November 28 postgame quotes: Chicago - LA Kings Insider

Brent Seabrook, on whether the team was fatigued in the third period:
I don’t think so. I thought we came out, I thought we had some energy in overtime. I thought we skated well to be honest. I don’t think we had a lack of energy.

Patrick Kane, on whether this game was similar to their game in Anaheim:
Yeah, same exact game, opposite way. We had a 2-0 lead, we just kind of seemed like we wanted to sit back and play it safe. Obviously that doesn’t work in this league. It’s frustrating when that happens. It would’ve been nice to get another insurance marker and build off that, but we just kind of sat back there in the third and they took it to us.

Kane, on whether it’s natural to play a conservative game with a lead in the third period:
I guess it’s natural to do that. But at the same time, a lot of guys have played a lot of games in this league to know that’s not the recipe for success, especially with the way games can turn on a dime these days. It’s pretty frustrating right now. Especially because going into the third period 2-0 that’s looking like it’s going to end on, that the trip is going to end on a good note and couldn’t follow through.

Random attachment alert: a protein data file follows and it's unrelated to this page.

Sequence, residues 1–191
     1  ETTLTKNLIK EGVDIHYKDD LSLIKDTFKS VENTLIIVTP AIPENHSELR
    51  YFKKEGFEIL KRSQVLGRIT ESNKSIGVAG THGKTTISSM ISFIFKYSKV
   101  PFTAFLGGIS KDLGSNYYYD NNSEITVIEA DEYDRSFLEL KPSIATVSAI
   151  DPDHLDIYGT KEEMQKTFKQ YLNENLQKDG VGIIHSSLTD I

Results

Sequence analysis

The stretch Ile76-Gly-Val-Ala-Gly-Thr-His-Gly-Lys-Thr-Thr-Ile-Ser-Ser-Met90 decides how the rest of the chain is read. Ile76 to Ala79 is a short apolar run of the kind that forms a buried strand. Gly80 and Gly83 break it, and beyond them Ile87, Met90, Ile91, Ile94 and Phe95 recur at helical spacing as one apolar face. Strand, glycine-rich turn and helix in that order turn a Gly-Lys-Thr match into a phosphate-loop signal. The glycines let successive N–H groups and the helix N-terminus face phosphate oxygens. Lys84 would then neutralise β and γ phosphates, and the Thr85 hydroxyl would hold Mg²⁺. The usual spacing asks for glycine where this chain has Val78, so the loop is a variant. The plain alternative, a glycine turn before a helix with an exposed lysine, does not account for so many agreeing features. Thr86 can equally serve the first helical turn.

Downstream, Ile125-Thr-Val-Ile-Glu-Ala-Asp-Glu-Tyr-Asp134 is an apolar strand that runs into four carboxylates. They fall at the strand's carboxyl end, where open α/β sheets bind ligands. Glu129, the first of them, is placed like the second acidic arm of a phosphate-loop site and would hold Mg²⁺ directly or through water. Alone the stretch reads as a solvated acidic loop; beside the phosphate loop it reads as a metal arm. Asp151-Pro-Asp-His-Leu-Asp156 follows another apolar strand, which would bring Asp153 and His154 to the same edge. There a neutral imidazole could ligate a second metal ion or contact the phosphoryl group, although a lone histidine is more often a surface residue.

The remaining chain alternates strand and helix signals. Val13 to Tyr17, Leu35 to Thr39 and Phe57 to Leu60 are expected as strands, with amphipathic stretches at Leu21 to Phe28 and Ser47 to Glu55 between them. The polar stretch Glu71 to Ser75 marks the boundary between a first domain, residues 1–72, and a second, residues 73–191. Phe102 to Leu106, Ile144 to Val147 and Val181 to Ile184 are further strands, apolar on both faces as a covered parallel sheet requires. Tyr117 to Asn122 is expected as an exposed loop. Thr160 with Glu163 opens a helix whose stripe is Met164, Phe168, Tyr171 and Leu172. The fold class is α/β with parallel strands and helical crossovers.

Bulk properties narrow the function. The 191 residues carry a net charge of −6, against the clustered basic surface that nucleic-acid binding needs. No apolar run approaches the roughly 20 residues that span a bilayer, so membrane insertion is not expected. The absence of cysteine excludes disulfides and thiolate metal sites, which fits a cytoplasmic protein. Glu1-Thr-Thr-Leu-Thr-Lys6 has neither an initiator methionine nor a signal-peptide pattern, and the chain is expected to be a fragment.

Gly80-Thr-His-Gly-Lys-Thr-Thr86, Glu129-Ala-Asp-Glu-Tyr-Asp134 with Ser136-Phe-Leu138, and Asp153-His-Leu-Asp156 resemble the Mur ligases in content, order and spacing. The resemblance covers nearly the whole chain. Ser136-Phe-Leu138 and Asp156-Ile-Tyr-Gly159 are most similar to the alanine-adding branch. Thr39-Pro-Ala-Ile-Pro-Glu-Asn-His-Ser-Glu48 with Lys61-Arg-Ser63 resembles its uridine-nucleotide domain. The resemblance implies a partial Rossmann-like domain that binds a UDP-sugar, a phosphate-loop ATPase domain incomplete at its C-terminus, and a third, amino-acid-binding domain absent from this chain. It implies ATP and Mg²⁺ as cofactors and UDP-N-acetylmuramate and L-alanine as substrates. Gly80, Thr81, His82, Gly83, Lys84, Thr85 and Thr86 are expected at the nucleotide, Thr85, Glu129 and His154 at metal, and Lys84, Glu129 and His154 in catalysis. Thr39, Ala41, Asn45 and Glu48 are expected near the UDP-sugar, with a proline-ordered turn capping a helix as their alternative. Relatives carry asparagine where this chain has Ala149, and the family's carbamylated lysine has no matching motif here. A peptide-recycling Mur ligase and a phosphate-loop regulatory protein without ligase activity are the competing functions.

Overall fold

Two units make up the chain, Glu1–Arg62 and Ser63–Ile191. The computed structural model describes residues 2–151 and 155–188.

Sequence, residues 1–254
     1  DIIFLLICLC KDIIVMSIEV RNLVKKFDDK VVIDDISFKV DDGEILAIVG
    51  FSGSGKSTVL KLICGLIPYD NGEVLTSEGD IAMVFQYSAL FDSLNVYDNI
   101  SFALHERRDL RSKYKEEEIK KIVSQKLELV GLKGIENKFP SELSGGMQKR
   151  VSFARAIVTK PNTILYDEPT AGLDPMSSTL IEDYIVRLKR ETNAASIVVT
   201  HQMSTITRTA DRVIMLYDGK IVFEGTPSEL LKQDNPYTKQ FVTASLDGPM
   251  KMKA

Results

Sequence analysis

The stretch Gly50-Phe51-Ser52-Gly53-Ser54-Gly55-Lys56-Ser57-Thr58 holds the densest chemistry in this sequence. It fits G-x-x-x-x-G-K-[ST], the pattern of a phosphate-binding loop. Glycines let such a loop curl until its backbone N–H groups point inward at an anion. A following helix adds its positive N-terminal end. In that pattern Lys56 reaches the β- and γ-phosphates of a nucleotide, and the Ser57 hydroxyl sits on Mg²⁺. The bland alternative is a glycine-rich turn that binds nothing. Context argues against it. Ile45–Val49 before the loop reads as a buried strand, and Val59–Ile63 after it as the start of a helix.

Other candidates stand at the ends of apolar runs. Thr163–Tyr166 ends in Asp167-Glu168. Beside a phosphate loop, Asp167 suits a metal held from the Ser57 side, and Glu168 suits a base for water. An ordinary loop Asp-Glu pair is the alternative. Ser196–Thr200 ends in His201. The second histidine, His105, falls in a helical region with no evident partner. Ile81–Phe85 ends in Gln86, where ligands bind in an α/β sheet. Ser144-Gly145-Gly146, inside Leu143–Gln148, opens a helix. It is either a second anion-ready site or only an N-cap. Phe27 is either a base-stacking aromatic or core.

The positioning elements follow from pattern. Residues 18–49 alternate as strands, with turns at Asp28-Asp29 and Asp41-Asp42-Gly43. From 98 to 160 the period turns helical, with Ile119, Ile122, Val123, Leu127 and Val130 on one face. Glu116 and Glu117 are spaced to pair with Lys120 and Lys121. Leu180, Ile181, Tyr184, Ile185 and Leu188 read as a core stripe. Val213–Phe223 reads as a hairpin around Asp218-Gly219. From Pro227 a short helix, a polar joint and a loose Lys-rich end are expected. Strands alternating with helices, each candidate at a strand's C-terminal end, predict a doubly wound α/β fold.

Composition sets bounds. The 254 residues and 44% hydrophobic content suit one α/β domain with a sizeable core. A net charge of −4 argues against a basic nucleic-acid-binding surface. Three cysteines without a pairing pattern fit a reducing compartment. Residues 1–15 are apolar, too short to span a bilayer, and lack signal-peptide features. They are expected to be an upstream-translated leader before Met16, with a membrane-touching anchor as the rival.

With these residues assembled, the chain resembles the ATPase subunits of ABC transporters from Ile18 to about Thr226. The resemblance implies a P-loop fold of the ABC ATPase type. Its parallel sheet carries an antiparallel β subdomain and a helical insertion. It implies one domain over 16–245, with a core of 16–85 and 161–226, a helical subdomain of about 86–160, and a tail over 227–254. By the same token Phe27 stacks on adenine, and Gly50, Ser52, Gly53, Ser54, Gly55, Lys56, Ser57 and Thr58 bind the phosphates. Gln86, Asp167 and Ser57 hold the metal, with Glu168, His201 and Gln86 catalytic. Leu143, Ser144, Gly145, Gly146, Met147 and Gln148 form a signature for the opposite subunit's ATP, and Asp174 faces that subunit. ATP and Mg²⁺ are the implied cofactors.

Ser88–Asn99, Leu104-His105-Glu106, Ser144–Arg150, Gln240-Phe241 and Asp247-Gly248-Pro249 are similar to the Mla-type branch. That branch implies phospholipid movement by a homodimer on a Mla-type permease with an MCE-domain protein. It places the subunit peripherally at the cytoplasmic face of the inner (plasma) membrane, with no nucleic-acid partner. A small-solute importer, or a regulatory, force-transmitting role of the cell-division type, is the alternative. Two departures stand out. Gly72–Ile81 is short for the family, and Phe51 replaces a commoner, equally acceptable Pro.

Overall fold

Kane, on how he feels after breaking the American-born consecutive point streak:
Yeah, it’s cool. You think about how many great American players have played the game, the two players who were at that 18-game point streak and what they’ve done in their careers. It’s pretty cool. Right now, like you said, it’s overshadowed by the loss. So hopefully we can come out and finally get back home and play the game in front of our fans at the United Center.

Kane, on whether knowing Eddie Olczyk and Phil Kessel adds anything to the record:
It’s great. I think that definitely adds a little bit more to it. I’ve become pretty close with Eddie over the years here, to the point where I ask him for advice on a lot of different things and he’s willing to share all of that, too. I’ve known Phil pretty well since I was 16-years-old. Two great players, two great careers and [it’s] fun to be there with them.

Joel Quenneville, on whether the loss leaves him with a sour note:
Well, we got a point and we had our chances. [Jonathan Toews] had a breakaway late and we had two A-plus chances in overtime. They had some high quality as well. So it was a pretty good trip.

Quenneville, on whether the team played too conservatively in the third period:
I don’t know. It wasn’t like we were giving up a ton of quality [chances] in the third until it was basically tied and it started opening up. You’ve got to play the score. You’ve got to play the time in the game. Made a couple plays, trying to make plays got us in trouble, so we’ve got to play the right way.

Quenneville, on Patrick Kane breaking the American-born point streak record:
Amazing to watch, pretty amazing how he is game in, game in, shift out, shift in. What he’s been doing with the puck – generating, creating. That line, offensively for us, has been the backbone of our team. He’s been great. I can’t say enough positive things about him or his play.